Chaos for air travellers as 'master bomber' fear grows
Airport security in the US and several EU countries has been ramped up amid fears al-Qa'ida plans to use Western jihadists as suicide bombers.
Terrorist masterminds are believed to be targeting young radicals fighting in Syria and Iraq to convince them to be suicide bombers.
It is feared the master bomb maker Ibrahim Hassan al-Asiri, from al-Qa'ida in the Arabian Peninsula (AQAP), has developed a new explosive that could evade current security checks.
In the clearest indication yet on the new threat, US officials warned partners to focus on smartphones and shoes.
Devices such as iPhones and Samsung Galaxy phones were singled out for extra security checks on flights to the US from Europe, the Middle East and Africa.
It is feared that Asiri may also have perfected a new type of shoe bomb. In 2001, the Briton Richard Reid tried to detonate explosives packed into his shoes on an American Airlines flight from Paris to Miami, but it failed to explode and Reid was later jailed for life.
Asiri is suspected of trying to develop a "body bomb" where explosives are surgically implanted into volunteers.
Travellers now face invasive physical checks and lengthy delays this summer.
Intelligence suggests that AQAP, and specifically Asiri, has linked up with the Jabhat al-Nusra jihadists in Syria and passed on bomb-making skills.
The alert centred on fears that Asiri, who was also behind the "underpants bomb" on a flight to Detroit on Christmas Day 2009, is passing on his expertise to fighters in Syria. He knows that he could be killed at any point.
US officials have demanded enhanced security for airports in Europe and the Middle East with direct flights to America. No specific plot was mentioned, but a Homeland Security official said the request was "based on real-time intelligence".
Yesterday, France announced it was stepping up security checks at its airports, in response to the warning from the US. America is also concerned that it may not be able to prevent suspected fanatics from boarding planes after a court ruling on its "do not fly" list.
A Federal Court in Oregon last month said people should be granted greater rights to challenge their inclusion on the list.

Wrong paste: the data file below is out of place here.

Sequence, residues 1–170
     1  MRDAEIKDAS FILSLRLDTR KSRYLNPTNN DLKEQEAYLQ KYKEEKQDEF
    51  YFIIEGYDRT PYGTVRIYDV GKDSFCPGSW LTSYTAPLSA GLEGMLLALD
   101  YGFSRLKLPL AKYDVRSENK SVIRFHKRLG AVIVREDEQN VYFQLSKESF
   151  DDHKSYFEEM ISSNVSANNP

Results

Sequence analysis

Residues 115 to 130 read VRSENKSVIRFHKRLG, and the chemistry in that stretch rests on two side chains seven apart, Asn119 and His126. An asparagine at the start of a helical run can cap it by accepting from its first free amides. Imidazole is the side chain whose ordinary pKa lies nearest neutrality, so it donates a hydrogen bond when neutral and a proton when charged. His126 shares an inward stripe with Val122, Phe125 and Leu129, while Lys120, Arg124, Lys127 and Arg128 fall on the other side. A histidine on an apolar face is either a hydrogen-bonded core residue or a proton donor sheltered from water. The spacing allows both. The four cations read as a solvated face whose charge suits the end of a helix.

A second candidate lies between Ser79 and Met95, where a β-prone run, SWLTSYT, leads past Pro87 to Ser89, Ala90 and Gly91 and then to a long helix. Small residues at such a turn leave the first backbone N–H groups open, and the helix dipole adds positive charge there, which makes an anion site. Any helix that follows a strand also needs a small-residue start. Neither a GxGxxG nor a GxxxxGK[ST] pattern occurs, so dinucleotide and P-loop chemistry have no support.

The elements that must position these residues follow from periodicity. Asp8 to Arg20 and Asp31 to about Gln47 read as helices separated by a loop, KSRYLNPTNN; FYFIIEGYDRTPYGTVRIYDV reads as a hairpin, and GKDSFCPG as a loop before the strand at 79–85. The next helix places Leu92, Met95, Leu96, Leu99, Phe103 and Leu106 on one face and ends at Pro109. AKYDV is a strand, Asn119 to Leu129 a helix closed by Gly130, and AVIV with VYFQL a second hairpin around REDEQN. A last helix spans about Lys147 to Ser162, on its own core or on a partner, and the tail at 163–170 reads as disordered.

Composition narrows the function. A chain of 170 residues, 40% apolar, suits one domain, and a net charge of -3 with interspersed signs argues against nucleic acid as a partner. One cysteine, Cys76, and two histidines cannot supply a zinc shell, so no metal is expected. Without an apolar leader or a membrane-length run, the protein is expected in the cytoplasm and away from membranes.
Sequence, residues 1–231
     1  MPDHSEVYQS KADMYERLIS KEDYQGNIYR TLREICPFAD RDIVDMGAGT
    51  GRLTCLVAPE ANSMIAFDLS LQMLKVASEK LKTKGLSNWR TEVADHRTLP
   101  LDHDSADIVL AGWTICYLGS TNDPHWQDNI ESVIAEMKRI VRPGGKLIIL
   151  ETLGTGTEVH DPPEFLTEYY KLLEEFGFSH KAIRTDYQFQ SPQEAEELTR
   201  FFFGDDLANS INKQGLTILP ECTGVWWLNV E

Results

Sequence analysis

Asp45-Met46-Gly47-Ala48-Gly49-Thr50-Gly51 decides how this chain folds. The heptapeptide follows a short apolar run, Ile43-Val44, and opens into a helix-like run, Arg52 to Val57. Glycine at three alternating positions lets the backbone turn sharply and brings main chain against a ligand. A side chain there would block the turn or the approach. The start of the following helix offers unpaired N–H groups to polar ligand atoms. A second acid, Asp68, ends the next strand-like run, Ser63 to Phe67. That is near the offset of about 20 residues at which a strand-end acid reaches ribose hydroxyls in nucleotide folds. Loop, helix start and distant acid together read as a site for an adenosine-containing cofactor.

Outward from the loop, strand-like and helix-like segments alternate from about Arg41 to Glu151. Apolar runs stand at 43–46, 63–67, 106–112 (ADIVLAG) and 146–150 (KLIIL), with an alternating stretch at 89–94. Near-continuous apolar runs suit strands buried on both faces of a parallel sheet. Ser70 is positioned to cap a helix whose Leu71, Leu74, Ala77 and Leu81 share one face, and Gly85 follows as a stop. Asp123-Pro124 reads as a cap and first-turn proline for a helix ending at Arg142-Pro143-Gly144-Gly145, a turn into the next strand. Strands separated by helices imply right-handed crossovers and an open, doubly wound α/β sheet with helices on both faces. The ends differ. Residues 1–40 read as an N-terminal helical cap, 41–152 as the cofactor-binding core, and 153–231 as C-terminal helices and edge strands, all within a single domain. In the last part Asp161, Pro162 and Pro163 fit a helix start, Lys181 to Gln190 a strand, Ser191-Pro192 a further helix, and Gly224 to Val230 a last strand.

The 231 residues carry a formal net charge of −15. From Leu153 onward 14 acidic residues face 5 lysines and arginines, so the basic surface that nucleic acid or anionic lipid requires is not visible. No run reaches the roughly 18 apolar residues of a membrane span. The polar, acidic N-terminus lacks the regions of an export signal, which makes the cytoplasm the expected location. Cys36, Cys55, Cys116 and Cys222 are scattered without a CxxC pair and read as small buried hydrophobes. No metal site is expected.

Even though the list has not been struck out, the ruling opens the way for challenges to a system that has been a key part of the US security apparatus for nearly 13 years. It is estimated there are 20,000 people on the list – including about 500 US citizens.
Experts in America have criticised Britain and other European nations for failing to tackle the problem of young Muslims going to fight in Syria and Iraq.
Security and political experts said Britain had turned a blind eye to the threat for too long.
Hassan Mneimneh, a senior fellow at the German Marshall Fund of the United States, a think-tank, said European governments had failed to eradicate jihadism in the Arab Spring.
"There was an opportunity to marginalise jihadism, but the opportunity has passed," he said. "To allow a place like Syria to fester was an invitation to jihadism, so it cannot come as a surprise to governments. We have an invigorated recruitment network of jihadists.
"They are recruiting people who are marginalised, radicalised and then come back and make bombs."
Dr Nile Gardiner, director of the Margaret Thatcher Centre for Freedom in Washington DC, said recent threats were a "reflection of weak immigration policy and a failure to tackle Islamic extremism in the UK".
But Dr Quintan Wiktorowicz, who was an adviser to Barack Obama, said: "Policy makers need to decide their top priority. If it is social cohesion, you may do one thing and if it is counter-terrorism, you may do another." (© Daily Telegraph, London)